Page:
MIAMI — Ottawa County district courts will reopen on Monday, May 18.

Due to coronavirus shutdowns, the courts had only been processing emergency cases.

The decision was made during the county commissioners’ regular weekly meeting and District Attorney Kenny Wright reported that the re-opening will be under CDC guidelines, which will require everyone to wear a face mask and will limit hearings to no more than 10 people in one room or area at a time.

“If we can adopt these guidelines as rules it will help in dealing with those who don’t follow proper procedures. The guidelines will also include extra cleaning of high-touch areas in the courthouse,” Wright said.

District Judge Barry Denney said, “Starting on May 18 we will be opening the courts back up to hear emergency and non-emergency matters. We will still handle as much as possible remotely (by phone and video), but many times it will be necessary for litigants and their attorneys and witnesses to actually be in court.”

Denney said he hoped to have an administrative order about the re-opening in place this week.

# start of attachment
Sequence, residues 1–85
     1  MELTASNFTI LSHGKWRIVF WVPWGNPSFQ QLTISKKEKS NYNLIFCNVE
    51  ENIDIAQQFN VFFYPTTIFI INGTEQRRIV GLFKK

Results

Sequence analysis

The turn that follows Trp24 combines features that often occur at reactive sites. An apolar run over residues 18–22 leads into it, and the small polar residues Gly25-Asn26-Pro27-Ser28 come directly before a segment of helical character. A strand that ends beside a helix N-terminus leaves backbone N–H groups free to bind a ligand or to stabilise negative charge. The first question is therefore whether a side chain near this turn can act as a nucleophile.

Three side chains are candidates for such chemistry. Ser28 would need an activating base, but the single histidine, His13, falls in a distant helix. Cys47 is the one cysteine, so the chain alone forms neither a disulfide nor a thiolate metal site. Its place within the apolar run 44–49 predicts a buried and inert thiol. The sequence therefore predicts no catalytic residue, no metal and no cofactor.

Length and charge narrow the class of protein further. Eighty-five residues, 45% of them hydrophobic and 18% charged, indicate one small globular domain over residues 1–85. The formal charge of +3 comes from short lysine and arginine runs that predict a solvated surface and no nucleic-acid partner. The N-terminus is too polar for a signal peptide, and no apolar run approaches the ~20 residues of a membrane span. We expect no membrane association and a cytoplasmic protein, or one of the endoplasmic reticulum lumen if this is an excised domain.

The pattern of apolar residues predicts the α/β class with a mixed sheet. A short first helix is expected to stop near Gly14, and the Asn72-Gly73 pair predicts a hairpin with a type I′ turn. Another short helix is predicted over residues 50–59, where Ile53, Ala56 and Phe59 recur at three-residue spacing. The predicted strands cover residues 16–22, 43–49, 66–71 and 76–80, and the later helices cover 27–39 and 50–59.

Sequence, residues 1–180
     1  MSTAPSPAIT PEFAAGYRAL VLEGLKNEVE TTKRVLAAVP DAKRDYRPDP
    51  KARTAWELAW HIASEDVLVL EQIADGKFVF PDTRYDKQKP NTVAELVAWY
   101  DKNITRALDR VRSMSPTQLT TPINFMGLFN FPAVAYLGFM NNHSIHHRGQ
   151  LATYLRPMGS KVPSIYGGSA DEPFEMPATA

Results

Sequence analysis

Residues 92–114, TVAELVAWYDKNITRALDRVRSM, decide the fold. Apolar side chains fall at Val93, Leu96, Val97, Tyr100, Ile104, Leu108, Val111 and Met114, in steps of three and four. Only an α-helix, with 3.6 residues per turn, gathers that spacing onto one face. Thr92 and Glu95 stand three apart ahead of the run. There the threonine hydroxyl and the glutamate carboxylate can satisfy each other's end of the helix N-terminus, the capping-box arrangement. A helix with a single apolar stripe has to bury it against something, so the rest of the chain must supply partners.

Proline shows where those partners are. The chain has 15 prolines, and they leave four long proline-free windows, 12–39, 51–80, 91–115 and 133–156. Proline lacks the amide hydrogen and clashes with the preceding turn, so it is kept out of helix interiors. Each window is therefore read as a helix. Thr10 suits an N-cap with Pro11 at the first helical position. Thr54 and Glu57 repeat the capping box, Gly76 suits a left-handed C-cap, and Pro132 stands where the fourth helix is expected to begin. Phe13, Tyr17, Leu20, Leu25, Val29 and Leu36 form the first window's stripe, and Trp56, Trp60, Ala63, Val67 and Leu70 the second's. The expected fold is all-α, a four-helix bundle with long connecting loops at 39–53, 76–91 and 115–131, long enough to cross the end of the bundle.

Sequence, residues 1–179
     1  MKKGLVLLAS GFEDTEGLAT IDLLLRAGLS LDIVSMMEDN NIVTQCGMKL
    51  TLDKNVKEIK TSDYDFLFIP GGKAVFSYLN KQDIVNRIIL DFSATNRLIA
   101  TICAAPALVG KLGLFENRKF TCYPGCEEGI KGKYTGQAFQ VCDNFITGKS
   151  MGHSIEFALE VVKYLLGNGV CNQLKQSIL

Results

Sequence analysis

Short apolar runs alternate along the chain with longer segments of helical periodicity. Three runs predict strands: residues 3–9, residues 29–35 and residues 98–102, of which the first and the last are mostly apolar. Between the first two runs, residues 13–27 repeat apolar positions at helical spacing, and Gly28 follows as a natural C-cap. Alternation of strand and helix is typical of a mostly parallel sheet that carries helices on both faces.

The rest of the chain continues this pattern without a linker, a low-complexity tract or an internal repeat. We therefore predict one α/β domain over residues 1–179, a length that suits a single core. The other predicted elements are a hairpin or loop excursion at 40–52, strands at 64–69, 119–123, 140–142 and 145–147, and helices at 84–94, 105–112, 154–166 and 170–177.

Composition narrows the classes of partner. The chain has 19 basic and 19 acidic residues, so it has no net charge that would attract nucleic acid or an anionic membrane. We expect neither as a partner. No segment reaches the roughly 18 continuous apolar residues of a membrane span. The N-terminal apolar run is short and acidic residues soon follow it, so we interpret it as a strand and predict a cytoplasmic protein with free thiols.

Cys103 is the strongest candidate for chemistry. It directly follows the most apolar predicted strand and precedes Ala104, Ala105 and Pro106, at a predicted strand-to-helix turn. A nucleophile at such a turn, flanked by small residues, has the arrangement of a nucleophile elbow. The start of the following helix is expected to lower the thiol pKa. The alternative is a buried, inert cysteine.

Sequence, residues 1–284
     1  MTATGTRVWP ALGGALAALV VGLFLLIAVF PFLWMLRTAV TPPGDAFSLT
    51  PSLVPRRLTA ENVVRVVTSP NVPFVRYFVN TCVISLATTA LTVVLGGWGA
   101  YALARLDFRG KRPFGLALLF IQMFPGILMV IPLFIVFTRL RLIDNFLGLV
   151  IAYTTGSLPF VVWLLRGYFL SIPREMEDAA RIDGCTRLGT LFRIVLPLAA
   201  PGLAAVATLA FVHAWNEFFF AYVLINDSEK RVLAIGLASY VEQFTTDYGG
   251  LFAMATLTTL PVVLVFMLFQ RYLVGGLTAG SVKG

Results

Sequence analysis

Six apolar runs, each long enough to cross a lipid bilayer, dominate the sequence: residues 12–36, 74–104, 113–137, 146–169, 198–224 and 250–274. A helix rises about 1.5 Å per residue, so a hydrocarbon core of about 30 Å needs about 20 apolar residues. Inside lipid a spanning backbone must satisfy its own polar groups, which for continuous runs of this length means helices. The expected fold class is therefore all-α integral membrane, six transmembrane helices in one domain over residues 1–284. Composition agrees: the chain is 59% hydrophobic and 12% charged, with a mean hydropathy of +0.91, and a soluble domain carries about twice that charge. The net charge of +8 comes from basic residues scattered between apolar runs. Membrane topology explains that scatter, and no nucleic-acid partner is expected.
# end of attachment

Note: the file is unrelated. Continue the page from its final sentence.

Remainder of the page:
The commissioners said they will keep a close eye on the process and will make a decision about re-opening their meetings to the public in the near future.

Commissioners also discussed inmates from Ottawa County that are still being housed at the Washington County jail in Bartlesville, where they were moved from another facility.

Inmates in the Ottawa County Jail had to be relocated after a fire in October.

District 3 Commissioner Russell Earls said he had spoken with Ottawa County Undersheriff Dan Cook and recommends leaving the inmates in Washington County because “they are the worst of the worst and tear everything up they can get their hands on.”

Earls continued, “They have a CERT team and can better handle these inmates,” after which it was voted to pay the invoice from Washington County for housing those inmates to date.

In another matter, the commissioners discussed Earls’ recommendation that they take their salaries out of the county’s highway account for three months in order to ease the budget belt tightening anticipated due to coronavirus shutdowns and the loss of sales tax revenues.

“We want to show we are going to do what we can with the situation we are in and would like to see every office do something,” Earls said. “Looking ahead we know the budget is going to be thin. I think we should do this and re-evaluate things in three months to see where we are,” commission chairman Chad Masterson said,

Wright expressed appreciation to the commissioners for being willing to take this avenue.

“My plan for my office is to give back whatever is necessary in line with what the other offices are going to do,” Wright said. “I would like to give back in the neighborhood of 5%, even though we are already running a pretty tight ship.”